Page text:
NIAC will accept short proposals, limited to two pages in length, until Feb. 9. After review, NASA will invite those whose concepts are of interest to the agency to submit a full proposal of no more than ten pages. Full proposals will be due April 16.

NASA expects to fund approximately 15 proposals in this year's Phase I process. Those selected will receive up to $100,000 for one year to advance the innovative space technology concept and help NASA meet current operational and future mission requirements. Selection announcements are expected this summer. The solicitation is open to all U.S. citizens and researchers working in the United States, including NASA civil servants.

The number of awards will depend on the strength of proposals and availability of appropriated funds. The number of Phase I awards also will be balanced with NASA's selection of Phase II awards. Phase II awards will be selected from Phase I concepts submitted last year that the agency decides to advance.

Past NIAC Phase I proposals have included a broad range of imaginative and creative ideas, including: changing the course of dangerous orbital debris; a spacesuit that uses flywheels to stabilize and assist astronauts as they work in microgravity; the use of 3-dimensional printing to create a planetary outpost; microbial fuel cell technology for powering tiny robot explorers; and other innovative propulsion and power concepts needed for future space mission operations.

NASA's early investment and partnership with creative scientists, engineers and citizen inventors will pay huge technological dividends and help maintain America's leadership in the global technology economy.

For more information, visit:

Published in NASA

Tiny aerial vehicles are being developed with innovative flapping wings based on those of real-life insects.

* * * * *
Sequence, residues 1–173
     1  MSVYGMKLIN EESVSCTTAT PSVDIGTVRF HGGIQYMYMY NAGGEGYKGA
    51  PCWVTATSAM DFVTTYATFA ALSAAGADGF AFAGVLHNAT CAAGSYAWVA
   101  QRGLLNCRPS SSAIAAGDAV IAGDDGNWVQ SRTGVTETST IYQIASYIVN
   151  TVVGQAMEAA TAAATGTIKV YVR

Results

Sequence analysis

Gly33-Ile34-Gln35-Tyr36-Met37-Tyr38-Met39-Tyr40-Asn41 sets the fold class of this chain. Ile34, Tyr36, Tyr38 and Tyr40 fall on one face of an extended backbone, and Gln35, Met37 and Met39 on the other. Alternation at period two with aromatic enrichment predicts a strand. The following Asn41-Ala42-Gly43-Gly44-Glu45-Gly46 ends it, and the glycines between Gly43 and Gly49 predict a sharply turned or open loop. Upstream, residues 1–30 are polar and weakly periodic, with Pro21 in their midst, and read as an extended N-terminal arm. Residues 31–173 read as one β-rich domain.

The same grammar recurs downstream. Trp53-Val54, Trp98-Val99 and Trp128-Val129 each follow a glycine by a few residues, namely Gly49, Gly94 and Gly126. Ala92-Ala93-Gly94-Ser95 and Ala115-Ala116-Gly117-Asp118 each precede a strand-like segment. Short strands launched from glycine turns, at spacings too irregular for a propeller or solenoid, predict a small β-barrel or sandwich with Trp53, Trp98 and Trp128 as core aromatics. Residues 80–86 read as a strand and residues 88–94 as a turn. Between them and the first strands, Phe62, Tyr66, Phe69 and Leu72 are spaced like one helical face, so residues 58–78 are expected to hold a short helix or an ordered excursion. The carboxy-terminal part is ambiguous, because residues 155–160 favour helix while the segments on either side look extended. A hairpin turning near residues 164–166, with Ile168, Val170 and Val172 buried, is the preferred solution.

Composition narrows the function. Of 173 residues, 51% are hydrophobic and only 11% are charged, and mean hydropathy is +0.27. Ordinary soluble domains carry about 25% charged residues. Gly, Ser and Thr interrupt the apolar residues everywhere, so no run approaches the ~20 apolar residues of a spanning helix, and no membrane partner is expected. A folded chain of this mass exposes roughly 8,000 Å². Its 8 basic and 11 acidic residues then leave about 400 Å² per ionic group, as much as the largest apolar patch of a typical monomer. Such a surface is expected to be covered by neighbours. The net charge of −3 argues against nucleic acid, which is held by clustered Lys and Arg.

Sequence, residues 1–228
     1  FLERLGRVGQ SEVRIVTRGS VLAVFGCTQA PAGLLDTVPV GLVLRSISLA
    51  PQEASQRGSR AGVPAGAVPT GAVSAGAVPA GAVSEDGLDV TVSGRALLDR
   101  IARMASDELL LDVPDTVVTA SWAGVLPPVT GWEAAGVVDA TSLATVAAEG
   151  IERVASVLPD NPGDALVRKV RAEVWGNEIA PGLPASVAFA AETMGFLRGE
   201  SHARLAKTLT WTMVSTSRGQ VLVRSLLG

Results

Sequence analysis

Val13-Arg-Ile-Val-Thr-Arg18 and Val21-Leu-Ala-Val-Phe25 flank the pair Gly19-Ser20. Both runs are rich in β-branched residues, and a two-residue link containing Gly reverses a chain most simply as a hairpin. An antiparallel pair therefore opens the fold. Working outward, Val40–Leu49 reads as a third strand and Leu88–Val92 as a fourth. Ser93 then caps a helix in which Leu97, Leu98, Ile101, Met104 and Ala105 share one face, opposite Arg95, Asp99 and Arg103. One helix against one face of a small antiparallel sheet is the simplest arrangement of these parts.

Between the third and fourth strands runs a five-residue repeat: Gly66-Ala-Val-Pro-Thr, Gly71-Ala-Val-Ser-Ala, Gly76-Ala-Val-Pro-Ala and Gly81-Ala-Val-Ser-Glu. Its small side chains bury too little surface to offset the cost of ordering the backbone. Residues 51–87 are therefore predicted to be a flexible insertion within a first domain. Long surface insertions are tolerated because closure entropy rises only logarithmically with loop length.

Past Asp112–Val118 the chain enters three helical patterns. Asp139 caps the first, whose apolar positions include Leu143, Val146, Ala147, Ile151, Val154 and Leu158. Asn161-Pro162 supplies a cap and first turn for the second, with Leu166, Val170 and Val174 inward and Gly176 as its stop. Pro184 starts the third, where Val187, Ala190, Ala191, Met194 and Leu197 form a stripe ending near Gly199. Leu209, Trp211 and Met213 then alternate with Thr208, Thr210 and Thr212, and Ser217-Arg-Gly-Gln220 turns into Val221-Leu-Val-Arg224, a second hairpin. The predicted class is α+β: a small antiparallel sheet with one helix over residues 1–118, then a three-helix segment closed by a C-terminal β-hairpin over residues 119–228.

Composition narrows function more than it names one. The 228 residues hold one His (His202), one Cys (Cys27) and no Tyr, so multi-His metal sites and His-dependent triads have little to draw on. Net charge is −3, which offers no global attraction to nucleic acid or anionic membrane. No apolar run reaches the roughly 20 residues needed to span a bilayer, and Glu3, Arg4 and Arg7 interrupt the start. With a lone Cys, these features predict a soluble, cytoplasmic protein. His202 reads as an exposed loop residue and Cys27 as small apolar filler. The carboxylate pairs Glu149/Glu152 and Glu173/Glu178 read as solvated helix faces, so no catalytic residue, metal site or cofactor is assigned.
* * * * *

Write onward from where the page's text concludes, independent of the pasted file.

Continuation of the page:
Incorporating micro-cameras, these revolutionary insect-size vehicles will be suitable for many different purposes ranging from helping in emergency situations considered too dangerous for people to enter, to covert military surveillance missions.

Supported by the Engineering and Physical Sciences Research Council, world-leading research at the University of Oxford is playing a key role in the vehicles' development.

Dr Richard Bomphrey, from the Department of Zoology, is leading this research, which is generating new insight into how insect wings have evolved over the last 350 million years. "Nature has solved the problem of how to design miniature flying machines," he says. "By learning those lessons, our findings will make it possible to aerodynamically engineer a new breed of surveillance vehicles that, because they're as small as insects and also fly like them, completely blend into their surroundings."

Currently the smallest of state-of-the-art fixed-wing unmanned surveillance vehicles are around a foot wide. The incorporation of flapping wings is the secret to making the new designs so small. To achieve flight, any object requires a combination of thrust and lift. In manmade aircraft, two separate devices are needed to generate these (i.e. engines provide thrust and wings provide lift), this limits the scope for miniaturising flying machines.

But an insect's flapping wings combine both thrust and lift. If manmade vehicles could emulate this more efficient approach, it would be possible to scale down flying machines to much smaller dimensions than is currently possible.

"This will require a much more detailed understanding than we currently have of how insect wings have evolved, and specifically of how different types of insect wing have evolved for different purposes," Dr Bomphrey says. "For instance, bees are load-lifters, a predator such as a dragonfly is fast and manoeuvrable, and creatures like locusts have to range over vast distances. Investigating the differences between insect wing designs is a key focus of our work. These ecological differences have led to a variety of wing designs depending on the task needing to be performed. It means that new vehicles could be customised to suit particular uses ranging from exploring hostile terrain, collapsed buildings or chemical spills to providing enhanced TV coverage of sports and other events".